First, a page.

Plaintiff cites his experience in working on the Waterway Project and his history of applying for work through the union hiring halls and directly with the various construction companies as factors which qualify him to represent the class defined above.
From a reading of the pleadings filed by plaintiff and the other papers submitted to the court, the court finds that plaintiff has not demonstrated that he could adequately represent a class. The court does not question plaintiff's experience in seeking and performing work on the Waterway Project, but it is apparent to the court that plaintiff does not possess the legal skills required to act on behalf of a class of persons. The court is aware that plaintiff has devoted time and effort to representing himself in this action but the tenacity and zeal which plaintiff brings on his own behalf are no substitute for the skill and experience which are needed to prosecute an action on behalf of a class.
The court will deny plaintiff's request to prosecute this action as a class action.
Plaintiff has submitted to the court another "memorandum" dated March 27, 1979, to which is attached a letter dated January 15, 1979, addressed to plaintiff from Honorable Ronald M. Slatkin, Acting Director, Office of Appeals, Office of the General Counsel, National Labor Relations Board. The letter informs plaintiff of the denial of his appeal of the Regional Director's refusal to issue a complaint in an action filed with the NLRB by plaintiff.
Plaintiff states in the "Memorandum" that he wanted the court to know that he had presented his unfair labor practice claims under Section 8 of the NLRA, 29 U.S.C. § 158 to the NLRB and for the court to know of its ruling.
This information does not affect the court's ruling on defendants' motions to dismiss the claim made by plaintiff under Section 8 of the NLRA, 29 U.S.C. § 158. The refusal of the NLRB to issue a complaint does not vest this court with jurisdiction to hear the claims. If the decision by the *1034 Office of the General Counsel was a "final order", then plaintiff could have appealed that decision to the Court of Appeals. 29 U.S.C. § 160(f). Since the "Memorandum" and attached letter are not a part of the record, the court will forward them to the clerk for filing.
In summary, the court finds that defendants' motion to dismiss the claims asserted by plaintiff under Sections 101 and 102 of the LMRDA, 29 U.S.C. §§ 411 and 412; Sections 8 and 14(b) of the NLRA, 29 U.S.C. §§ 158 and 164(b); and Miss. Code Ann. § 71-1-47 on the ground that the court does not have jurisdiction over the subject matter are well taken. The court believes that the record conclusively shows that the court lacks subject-matter jurisdiction over the claims asserted under Sections 101 and 102 of the LMRDA, 29 U.S.C. §§ 411, 412 and under Section 8 of the NLRA, 29 U.S.C. § 158, therefore plaintiff will not be given an opportunity to amend the complaint to show a jurisdictional basis for these claims. However, since plaintiff may be able to show that this court has jurisdiction to hear the claim raised under Mississippi's "right to work" law, Miss. Code Ann. § 71-1-47 (1972), plaintiff will be given 15 days to amend the complaint to assert a jurisdictional basis for this claim.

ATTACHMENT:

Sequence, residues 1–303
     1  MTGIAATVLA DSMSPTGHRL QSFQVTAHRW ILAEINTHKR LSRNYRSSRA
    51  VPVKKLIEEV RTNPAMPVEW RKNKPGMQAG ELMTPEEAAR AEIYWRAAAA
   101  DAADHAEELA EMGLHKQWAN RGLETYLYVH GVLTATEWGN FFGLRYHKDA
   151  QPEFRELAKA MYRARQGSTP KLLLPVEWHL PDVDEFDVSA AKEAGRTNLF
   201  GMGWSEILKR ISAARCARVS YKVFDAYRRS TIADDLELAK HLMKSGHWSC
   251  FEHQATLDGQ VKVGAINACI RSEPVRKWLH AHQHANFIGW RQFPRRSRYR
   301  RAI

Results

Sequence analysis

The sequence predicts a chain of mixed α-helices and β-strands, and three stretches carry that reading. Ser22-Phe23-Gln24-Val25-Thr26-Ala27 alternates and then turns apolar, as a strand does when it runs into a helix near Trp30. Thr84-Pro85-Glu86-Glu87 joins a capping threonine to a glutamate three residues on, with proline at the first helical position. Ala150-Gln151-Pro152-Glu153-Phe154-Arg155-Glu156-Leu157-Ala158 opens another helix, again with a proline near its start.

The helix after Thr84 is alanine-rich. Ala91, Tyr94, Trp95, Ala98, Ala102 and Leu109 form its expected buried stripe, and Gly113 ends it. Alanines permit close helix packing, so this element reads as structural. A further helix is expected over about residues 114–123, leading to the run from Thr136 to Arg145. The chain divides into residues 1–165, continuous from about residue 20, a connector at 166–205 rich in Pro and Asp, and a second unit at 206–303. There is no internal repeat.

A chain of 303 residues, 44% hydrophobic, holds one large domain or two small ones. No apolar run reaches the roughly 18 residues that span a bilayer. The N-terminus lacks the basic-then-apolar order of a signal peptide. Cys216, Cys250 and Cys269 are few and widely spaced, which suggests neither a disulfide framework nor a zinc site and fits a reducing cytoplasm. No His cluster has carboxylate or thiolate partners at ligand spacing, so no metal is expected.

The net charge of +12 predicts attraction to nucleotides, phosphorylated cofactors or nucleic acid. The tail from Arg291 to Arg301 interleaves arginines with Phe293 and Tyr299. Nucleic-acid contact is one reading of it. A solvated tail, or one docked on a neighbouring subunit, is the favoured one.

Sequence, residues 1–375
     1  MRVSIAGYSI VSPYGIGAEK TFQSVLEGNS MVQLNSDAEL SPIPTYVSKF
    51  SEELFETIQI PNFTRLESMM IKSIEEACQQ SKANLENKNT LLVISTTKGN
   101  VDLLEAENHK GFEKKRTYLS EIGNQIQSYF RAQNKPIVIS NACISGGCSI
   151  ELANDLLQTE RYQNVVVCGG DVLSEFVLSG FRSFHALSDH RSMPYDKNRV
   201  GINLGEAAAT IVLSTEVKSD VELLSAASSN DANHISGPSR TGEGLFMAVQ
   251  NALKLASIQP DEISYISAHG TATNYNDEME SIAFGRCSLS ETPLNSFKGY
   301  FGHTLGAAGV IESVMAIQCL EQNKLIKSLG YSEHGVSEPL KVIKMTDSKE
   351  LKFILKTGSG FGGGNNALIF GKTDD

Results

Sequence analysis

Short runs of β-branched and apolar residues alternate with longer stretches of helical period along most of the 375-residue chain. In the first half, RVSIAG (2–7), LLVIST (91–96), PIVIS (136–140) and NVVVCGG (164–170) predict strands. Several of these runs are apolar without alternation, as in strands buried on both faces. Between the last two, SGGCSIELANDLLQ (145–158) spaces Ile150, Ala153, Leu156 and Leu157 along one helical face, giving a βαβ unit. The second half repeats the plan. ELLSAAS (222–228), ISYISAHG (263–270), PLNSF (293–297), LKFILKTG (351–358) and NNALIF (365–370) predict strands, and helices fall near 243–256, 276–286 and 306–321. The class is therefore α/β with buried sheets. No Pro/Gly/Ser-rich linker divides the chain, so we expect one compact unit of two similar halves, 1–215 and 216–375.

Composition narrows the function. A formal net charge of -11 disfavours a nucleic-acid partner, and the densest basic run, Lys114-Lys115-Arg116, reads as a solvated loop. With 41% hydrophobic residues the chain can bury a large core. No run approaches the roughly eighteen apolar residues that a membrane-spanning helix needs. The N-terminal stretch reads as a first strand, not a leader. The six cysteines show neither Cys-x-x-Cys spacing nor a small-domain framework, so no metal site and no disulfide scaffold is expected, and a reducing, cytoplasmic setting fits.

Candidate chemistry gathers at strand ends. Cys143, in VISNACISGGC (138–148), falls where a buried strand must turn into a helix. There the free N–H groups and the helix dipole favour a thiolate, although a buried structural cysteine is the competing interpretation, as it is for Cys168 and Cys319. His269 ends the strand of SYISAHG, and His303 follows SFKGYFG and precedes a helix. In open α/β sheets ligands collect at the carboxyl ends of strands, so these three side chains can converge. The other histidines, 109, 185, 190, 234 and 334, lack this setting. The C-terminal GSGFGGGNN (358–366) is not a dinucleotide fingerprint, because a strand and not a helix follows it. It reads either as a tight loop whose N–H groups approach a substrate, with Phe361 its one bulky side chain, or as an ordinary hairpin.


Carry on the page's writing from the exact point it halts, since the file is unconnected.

In the memoranda submitted to the court, plaintiff often cited cases brought against a union and/or employer under 29 U.S.C. § 185 and/or 29 U.S.C. § 159 alleging violation of the collective bargaining agreement and/or that the union failed to fairly and adequately represent all of the members of a bargaining unit. Although the complaint does state that "[a] contractural [sic] relationship existed between plaintiff and Local 624, and [that it] was breached by Local 624," this conclusory statement is not sufficient to support a finding that plaintiff has alleged a cause of action against the union for failure to adequately represent all of the persons in the bargaining unit. Plaintiff will be given 15 days to amend the complaint to add claims not already presented.
If plaintiff does not file an amended complaint within the 15-day period, the clerk will be directed to enter a final judgment dismissing this case with costs being taxed against plaintiff.
Jan. 18, 1979.
Plaintiff supplies the following information in support of his request that the above numbered action be certified as a class action under Federal Rules of Civil Procedure 23(a), 28 U.S.C.A., or other appropriate rule.
Plaintiff has alleged that all or most of the companies performing work on the Tennessee-Tombigbee Waterway require a prospective employee to contact, join, and/or support unions before being allowed to work on projects funded by federal monies, and that this practice is illegal under state and/or federal laws.
Plaintiff has applied and/or worked at a minimum of five companies engaged in Waterway projects, over a four year period.